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The Citadel of Saladin

Islamic Cairo contains many monuments from different periods starting from the Arab Invasion on 641 till the modern era of Mohamed Ali's Royal Family terminated in 1952 shifting from Monarchy regime to a Republican one.

The Citadel, Cairo 

Before Saladin came along, the local rulers of Cairo had overlooked the strategic value of the hill above the city. But within a few years of his arrival in Cairo in 1168, Saladin began making plans for the defense of the city with al-Qala'a - the Citadel - as the key element. In the 12th century, Saladin and his successors built an impenetrable bastion in the Citadel, using the most advanced construction techniques of the age. For the next 700 years, Egypt was ruled from this hill. 

What to See at the Citadel 

1- Muhammad Ali Mosque 

It is the most noticeable in all of Cairo; for more than 150 years it has dominated the skyline. Ottoman law prohibited anyone but the sultan from building a mosque with more than one minaret, but this mosque has two. This was one of Muhammad 'Ali's first indications that he did not intend to remain submissive to Istanbul. 

When the Ottoman Muhammad 'Ali assumed power of Cairo in the 1800s he had all the Mamluk buildings of the Citadel razed and the complex entirely rebuilt. 

The Citadel's appearance today is the vision of Muhammad 'Ali, particularly the mosque that bears his name. It was built between 1824 and 1848; the domes had to be rebuilt in the 1930s.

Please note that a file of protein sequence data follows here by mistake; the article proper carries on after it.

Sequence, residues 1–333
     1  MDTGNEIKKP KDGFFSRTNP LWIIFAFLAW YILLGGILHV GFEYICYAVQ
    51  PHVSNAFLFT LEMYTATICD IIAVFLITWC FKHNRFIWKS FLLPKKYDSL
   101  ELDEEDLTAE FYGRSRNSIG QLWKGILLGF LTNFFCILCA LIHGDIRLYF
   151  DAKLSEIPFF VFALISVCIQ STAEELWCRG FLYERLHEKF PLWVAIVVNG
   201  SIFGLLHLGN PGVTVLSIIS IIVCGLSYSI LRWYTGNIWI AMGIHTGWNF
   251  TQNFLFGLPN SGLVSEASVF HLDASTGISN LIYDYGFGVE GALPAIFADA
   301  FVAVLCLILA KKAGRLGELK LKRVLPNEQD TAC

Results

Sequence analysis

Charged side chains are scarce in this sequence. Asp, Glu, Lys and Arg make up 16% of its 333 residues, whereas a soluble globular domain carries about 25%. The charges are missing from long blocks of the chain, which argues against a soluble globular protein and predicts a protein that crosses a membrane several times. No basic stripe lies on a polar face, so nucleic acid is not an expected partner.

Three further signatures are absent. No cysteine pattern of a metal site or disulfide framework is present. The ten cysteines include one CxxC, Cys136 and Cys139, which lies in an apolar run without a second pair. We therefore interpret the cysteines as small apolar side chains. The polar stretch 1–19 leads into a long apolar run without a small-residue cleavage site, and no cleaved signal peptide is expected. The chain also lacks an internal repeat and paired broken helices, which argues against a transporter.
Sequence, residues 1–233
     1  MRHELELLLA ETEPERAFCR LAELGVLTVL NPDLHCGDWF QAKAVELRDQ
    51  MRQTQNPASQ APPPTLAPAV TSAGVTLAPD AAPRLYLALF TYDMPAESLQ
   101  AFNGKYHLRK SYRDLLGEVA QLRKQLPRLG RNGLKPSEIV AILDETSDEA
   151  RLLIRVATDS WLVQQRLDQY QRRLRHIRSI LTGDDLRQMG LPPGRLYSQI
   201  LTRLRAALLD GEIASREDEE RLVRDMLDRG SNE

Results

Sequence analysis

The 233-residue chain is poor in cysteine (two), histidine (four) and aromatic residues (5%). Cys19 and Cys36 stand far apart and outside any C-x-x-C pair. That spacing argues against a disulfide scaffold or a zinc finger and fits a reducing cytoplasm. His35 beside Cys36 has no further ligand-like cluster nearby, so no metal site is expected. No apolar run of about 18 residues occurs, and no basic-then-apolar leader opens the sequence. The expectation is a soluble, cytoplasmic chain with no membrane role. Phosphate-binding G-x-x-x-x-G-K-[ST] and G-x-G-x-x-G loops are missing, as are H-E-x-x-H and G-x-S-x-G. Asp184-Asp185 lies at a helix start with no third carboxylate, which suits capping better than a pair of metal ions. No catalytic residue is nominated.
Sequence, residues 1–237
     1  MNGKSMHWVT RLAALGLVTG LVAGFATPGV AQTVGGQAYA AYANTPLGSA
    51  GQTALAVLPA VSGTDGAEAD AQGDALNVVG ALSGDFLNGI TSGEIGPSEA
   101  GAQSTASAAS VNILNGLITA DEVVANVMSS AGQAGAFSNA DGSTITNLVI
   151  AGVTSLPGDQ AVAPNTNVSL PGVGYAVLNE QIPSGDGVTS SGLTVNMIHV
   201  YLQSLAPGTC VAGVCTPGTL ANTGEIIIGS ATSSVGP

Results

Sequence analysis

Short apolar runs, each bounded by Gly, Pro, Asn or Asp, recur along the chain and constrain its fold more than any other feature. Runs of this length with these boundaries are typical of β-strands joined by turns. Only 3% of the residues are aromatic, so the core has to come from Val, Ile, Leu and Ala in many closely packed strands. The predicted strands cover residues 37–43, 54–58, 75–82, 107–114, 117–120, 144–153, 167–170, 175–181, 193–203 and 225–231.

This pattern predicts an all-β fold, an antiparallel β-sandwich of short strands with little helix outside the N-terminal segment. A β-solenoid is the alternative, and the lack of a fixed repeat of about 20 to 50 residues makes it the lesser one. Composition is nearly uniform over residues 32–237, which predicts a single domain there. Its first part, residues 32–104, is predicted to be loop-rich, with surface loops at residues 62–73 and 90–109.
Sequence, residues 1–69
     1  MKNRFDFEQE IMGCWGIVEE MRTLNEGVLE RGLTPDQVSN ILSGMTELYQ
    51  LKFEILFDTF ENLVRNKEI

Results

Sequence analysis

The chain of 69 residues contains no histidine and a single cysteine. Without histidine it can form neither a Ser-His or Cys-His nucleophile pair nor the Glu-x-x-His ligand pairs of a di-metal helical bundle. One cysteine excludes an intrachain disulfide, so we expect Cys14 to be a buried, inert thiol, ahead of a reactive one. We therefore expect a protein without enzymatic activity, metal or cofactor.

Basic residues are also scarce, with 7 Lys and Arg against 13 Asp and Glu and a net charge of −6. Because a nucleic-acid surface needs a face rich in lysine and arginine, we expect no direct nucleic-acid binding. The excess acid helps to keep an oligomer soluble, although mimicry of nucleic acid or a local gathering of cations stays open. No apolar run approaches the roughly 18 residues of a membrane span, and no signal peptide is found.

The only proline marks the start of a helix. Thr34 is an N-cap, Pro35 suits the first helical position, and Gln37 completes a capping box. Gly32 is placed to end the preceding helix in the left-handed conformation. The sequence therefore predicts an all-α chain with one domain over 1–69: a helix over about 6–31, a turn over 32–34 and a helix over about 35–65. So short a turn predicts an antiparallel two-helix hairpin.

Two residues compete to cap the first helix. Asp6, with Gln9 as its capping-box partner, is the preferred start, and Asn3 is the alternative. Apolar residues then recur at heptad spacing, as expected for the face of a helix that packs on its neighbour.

The mosque is classically Turkish in style, reflecting its Ottoman origins. The cascading domes, slender minarets, constellation of hanging globe lamps, richly decorated ceiling and spacious interior all recall the great mosques of Istanbul. 

The interior also reflects some French rococo influences, and is finished with ornate lines of red, green, and gold. There is a gold-scalloped Mihrab and two Minbars (pulpits) 

Muhammad Ali is buried beneath a white marble mausoleum on the right of the entrance behind a bronze grill. 

In the courtyard is an ornate clock given by Louis Philippe in exchange for the obelisk that stands in the Place de la Concorde in Paris. It has never worked. 

Mosque of al-Nasir Muhammad.  

The beautifully crafted masonry, the elegant proportions, the ornate but controlled work on the minarets all indicate that the building is a Mamluk work of art. The conquering Ottomans carried much of the original interior decoration off to Istanbul, but the space is nevertheless impressive. The supporting columns around the courtyard were collected from various sources including ancient Egyptian structures. During the 1330s al-Nasir Muhammad, who ruled on three different occasions for a total of 42 years (AD 1293-1340) and was considered the greatest Mamluk sultan, tore down most of the Ayyubid buildings to make room for his own needs, which included several palaces and a mosque in addition to barracks for his army.


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